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"There´s nothing so practical as a good theory", Kurt Lewin

THEORY

Literature reports a high prevalence of children and young people involved in bullying situations, either as targets or as perpetrators (Triseliotis et al., 1995; Farmer & Polloc, 1998; Gibbs & Sinclair, 2000).

Being aware of the serious impact that bullying has on young people’s integration and adjustment, it becomes even more worrying when this aggressive behaviour invades their personal space – their homes (Barter, 2003).

One of the identified main causes of the high levels of bullying and violence among peers in residential care settings is often young people´s poor personal and social skills due to their unstable life path, neglectful parental supervision and few significant bonds.

Houses of Empathy has come up with an anti-bullying programme, and its main goal is to promote personal, social and empathy skills.

In order to promote a behaviour change in young people, the programme is based on the transtheoretical behaviour change model of Prochaska (1994). It advocates that the behaviour change only occurs through a step-by-step process of motivation for change. This process is organised in 5 stages: Precontemplation – phase in which the strategies should be focused on raising consciousness; Contemplation – the focus is on developing skills necessary to observe the change; Preparation –developing strategies to accomplish the change; Action –support on the implementation of the strategies mentioned before; and lastly, Maintenance – period in which the main concern is to keep the achieved changes.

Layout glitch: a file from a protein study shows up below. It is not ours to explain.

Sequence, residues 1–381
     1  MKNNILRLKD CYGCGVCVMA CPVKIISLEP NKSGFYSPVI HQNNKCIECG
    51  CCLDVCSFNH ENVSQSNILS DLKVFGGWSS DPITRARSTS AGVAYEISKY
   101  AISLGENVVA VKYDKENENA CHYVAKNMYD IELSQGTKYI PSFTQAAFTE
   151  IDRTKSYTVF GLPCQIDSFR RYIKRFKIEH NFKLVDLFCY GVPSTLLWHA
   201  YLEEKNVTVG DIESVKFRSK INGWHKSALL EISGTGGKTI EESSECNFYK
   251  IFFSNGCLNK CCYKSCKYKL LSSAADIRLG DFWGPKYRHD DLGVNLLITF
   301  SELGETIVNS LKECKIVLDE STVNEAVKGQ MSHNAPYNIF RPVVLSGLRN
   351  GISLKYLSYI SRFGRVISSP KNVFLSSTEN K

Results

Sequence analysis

Based on the evidence that Empathy acts as an inhibitory of aggressive behaviours, the programme is also structured according the Empathy Model (Preston & Wall, 2002). According to this model, when confronted with another person’s suffering an individual tends to feel the suffering as well but will also to try to end or diminish the suffering of the other person. This kind of response is directly dependent on the familiarity and similarity of the object and the individual, his previous experience with the situation and also with the profusion of received stimuli. By working and reflecting on this issue we expect to promote empathetic responses.

Although it is essential to prevent bullying, it is also important to know how to intervene when bullying episodes take place. In relation to intervention, the programme follows a “No blame approach”. This approach concentrates on identifying the damage bullying behaviour is causing on the target, using the peer group as support. The perpetrators are also included. By the avoidance of blaming or punishment, all the group is encouraged to take responsibility for the problem and to identify strategies to deal with it.

Using this methodology as the starting point, the Houses of Empathy programme is organized in several units, focusing on topics such as Team Building, Communication and Assertiveness, Emotions, and Empathy. Following a logical path, the different sessions in each unit aims to develop several skills, in order to promote healthier relationships among peers and contribute to prevent new episodes of bullying.

These sessions were developed using non-formal education and peer education methodologies, through which the contents are presented to the young people as group dynamics, games and also reflective and sharing moments.